And the Back of the Envelope, Please . . .

The winners of the Chronicle’s “back of the envelope” contest to design the Bush library are in. Some of the submissions were imaginative, others were satirical or angry. Some played off the resonances between the idea of a library and the Bush administration. One went beyond the confines of the envelope and attached a “signing statement.”

One of our librarians taught a January term course on The Library as Place; it was fascinating to find out what students (some of whom were not heavy library users) thought a library should look like. They tended toward the traditional, with an affinity for dark woodwork, study tables with lamps, and lots of books.

If you had a design contest for your library, what would your students submit? Your faculty? Would they reflect frustrations or dreams? It might be interesting to find out.

About Barbara Fister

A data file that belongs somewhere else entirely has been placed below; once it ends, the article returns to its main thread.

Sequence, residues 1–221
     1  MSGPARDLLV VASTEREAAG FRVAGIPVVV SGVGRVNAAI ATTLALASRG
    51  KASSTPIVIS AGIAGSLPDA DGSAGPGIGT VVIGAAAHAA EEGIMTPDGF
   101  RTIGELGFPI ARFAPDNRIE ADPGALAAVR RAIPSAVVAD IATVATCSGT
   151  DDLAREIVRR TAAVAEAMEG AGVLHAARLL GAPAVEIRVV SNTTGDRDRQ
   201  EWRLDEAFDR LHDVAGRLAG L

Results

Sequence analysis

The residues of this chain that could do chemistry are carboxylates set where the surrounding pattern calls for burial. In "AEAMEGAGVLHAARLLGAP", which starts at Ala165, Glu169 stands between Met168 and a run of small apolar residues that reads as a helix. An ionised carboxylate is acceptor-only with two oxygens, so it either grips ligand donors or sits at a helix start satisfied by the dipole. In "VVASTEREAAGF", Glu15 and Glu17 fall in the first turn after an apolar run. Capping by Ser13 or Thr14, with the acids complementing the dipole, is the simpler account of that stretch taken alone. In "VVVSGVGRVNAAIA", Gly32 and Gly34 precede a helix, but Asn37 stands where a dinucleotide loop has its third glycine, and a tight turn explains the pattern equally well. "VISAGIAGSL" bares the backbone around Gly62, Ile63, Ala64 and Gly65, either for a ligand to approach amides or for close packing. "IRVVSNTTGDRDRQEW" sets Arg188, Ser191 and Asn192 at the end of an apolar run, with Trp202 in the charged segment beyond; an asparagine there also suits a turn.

I'm an academic librarian at Gustavus Adolphus College in St. Peter, Minnesota. Like all librarians at our small, liberal arts institution I am involved in reference, collection development, and shared management of the library. My area of specialization is instruction, with research interests also in media literacy, popular literacy, publishing, and assessment.

One thought on “And the Back of the Envelope, Please . . .

  1. Take a look at Foster and Gibbons’ _Studying Students_ http://docushare.lib.rochester.edu/docushare/dsweb/View/Collection-4436 for examples of other ways that students envisioned library spaces, complete with fireplaces, bean bag chairs, and latte bars! I’m hoping to emulate some of the studies they did with our students here, though since we don’t have any grand plans for redesign at the moment, we probably won’t ask about library design. More likely is the camera project (students are given a disposable camera and take pictures of a list of things, places, etc. to do with their lives and their research practices) and/or the map project (students are given a campus map and asked to map out a typical day, showing each building they go to, the route they use, the time they arrived and left, and what they did there).

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